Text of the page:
And while we’re at it, don’t forget video either. Video files are even bigger than image files. If you use video, you should never store videos directly on your website. Host them elsewhere. You can use YouTube, Vimeo or another platform to host and then embed the link.

2. Choose Good Hosting

Good hosting matters. I see many businesses go for the cheapest hosting, or one they’ve heard of/seen their adverts for.

There’s no point doing all the other actions on this blog post if you’ve got rubbish hosting. It’s like building a house without proper foundations.

Good hosting doesn’t need to be expensive. I use and recommend Siteground. Yes there are even faster hosting companies around (flywheel and wp engine have good reputations), but you will pay extra for this. Siteground’s hosting options are good enough for most small businesses.

If you have a website built with Squarespace, Wix, Shopify etc then you’re stuck with their own hosting. It is one of the reasons I’m not keen on these platforms.

3. Reduce code, plugins etc

All code on a website slows it down.

The choice of platform, theme/template and any add-ons all impact on the amount of code a website uses.

A bespoke hand coded website has the potential to be the fastest (depending upon your website host) as it shouldn’t have unnecessary code, but these are not very flexible – every time you want to make a change you need to go back to the developer who built it. So for most small businesses one of the popular platforms is going to be a better option. It is “worth the speed reduction” to use one of these.

Website builders like Squarespace, Wix and Shopify all come with lots of code that you won’t need to use because they are designed for lots of different applications. Many WordPress themes can be “bloated” with code too. It’s the price for “ease of use”.

I’m a big fan of WordPress for many reasons. WordPress is a better option for speed than the other popular website builders, subject to not loading the website with additional code with your choice of theme and plugins.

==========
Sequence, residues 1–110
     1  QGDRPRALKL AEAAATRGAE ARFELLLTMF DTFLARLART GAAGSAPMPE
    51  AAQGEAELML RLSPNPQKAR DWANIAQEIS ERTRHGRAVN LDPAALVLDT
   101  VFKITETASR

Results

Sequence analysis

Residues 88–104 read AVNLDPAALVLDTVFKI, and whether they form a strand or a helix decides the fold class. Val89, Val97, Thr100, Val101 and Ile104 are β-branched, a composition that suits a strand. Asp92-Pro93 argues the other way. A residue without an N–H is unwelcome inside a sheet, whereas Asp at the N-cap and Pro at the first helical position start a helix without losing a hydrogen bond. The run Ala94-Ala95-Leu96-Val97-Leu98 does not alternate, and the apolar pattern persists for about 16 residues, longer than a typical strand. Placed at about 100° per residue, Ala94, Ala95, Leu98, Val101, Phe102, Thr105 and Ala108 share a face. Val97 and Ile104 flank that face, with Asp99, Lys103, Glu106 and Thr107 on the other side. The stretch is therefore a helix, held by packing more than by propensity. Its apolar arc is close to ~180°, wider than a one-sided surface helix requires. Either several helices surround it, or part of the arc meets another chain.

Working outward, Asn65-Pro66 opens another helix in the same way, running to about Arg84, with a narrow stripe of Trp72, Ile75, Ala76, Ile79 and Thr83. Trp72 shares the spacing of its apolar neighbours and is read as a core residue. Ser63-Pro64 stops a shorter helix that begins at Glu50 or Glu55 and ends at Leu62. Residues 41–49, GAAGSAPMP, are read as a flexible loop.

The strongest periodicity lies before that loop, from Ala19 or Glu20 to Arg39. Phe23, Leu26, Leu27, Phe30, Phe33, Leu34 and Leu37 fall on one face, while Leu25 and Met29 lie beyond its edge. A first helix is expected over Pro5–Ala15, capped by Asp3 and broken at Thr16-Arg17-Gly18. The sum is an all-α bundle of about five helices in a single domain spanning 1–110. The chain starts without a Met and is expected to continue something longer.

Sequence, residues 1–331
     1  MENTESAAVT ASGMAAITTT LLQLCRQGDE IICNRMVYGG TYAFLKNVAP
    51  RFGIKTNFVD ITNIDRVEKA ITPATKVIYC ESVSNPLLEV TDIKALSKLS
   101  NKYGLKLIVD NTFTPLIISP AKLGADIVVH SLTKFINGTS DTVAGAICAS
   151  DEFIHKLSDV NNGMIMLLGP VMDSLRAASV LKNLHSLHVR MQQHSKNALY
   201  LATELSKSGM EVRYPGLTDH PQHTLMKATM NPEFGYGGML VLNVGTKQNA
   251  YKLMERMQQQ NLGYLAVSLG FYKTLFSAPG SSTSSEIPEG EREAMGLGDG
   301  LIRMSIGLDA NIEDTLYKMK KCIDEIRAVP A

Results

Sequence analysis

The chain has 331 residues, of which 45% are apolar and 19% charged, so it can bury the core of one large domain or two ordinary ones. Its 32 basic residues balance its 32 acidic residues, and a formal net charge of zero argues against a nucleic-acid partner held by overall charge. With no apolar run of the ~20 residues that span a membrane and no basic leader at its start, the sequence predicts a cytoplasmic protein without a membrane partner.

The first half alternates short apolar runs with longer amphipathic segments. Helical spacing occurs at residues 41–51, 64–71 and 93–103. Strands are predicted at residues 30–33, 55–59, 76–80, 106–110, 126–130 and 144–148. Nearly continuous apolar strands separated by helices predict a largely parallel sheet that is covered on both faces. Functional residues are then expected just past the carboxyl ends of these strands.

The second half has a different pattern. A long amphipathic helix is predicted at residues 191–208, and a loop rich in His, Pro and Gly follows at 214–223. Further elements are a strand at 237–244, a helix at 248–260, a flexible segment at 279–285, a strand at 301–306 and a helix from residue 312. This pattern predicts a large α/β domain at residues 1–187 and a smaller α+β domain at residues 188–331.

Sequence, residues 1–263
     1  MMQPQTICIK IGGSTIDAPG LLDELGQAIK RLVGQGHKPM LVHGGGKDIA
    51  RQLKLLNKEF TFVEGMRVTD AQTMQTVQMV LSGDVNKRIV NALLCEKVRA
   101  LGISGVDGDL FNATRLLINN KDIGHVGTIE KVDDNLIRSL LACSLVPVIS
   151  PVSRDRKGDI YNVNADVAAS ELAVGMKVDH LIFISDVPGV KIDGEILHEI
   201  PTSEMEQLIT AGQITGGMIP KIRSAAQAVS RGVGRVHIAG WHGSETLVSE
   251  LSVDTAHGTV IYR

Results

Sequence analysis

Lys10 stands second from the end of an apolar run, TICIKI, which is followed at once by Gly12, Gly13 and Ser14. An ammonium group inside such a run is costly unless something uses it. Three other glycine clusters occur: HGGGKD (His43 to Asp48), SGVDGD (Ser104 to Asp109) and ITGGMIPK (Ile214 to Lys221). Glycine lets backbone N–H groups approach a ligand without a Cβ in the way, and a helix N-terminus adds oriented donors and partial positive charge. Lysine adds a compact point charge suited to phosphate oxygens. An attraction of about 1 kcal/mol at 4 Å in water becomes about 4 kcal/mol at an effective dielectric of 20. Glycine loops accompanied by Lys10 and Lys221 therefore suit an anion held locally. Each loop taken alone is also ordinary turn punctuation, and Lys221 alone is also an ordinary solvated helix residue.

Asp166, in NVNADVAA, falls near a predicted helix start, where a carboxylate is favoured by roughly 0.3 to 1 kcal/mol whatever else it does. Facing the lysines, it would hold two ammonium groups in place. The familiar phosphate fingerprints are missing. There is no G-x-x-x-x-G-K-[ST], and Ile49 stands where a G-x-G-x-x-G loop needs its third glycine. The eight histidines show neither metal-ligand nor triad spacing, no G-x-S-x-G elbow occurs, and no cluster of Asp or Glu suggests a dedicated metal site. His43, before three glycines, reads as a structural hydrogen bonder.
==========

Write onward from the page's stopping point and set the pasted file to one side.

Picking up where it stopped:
If you are using WordPress then the choice of theme is the first thing you need to consider. You want one that allows you to do what you want (both now and in future) whilst being as “lite” in terms of code as possible. I use Divi. The developers of Divi have made huge improvements recently to the way Divi works to make it a lot faster than it used to be and a lot faster than much of its competition. I also like what you can do with Divi and how easy it is to use (given I teach all my bespoke website design clients how to edit their own websites this is a key factor for me).

You also want to use good quality plugins from good developers that are actively updating them.

Most importantly though is to only add the plugins/ functionality/ features/ additional code that you actually need. Every one of these added to your website will slow it down a little. So it is always worth thinking about each one and whether it is going be overall beneficial for your website. Is it worth it?

There’s no “right number” of plugins on a website. A very basic website can get away with less than 5, but an e-commerce website will need a lot more. I’ve seen websites with over 90 plugins (as well as reducing speed this much additional code can introduce conflicts and security vulnerabilities). I reduced it to about 20….

There’s lots of “cool” things which you can add to your website but they’re not necessarily worth it from a speed point of view. Sliders and integrated social media feeds are two which you need to take care with.

Reviewing your use of plugins, code, features etc is a really useful exercise to do – not only from a speed perspective, but also for code conflicts and security. Again not the most exciting task!


Other things you can do start to get a bit more technical…

You can use caching plugins to take a “static” version of each page and load that instead, which is a lot quicker. But getting the caching settings “right” takes some work, as it takes some understanding and the right settings vary from website to website.

You can also use a CDN (content delivery network) which uses servers located closer to the end user to speed up delivery time.

I’d suggest using an expert in website speed if you want to go further. Beware that some of the factors which reduce the speed of a website loading will need tweaking every time you make changes to the website. It’s a dark hole to go down!


The most effective ways of speeding up your website are not the most exciting! There’s no magic wand that can be waved…

The choice of website platform you use has a big impact. It’s one reason I like wordpress (there are many many others!). But just using wordpress itself is no magic bullet. You need to use good hosting, a good theme and minimise the number of plugins, code etc.

If you use Wix, Squarespace, Shopify etc then reducing the number of features/functions you use is important.

In any event, optimising your images (choosing the right format, resizing and compressing) is one of the best things you can do for website speed. As can hosting videos off your website. And make sure any additional code added through plugins or other functionality is worth while.

A well built website should be user friendly and relatively quick. Because website speed is important to both users and your Google ranking.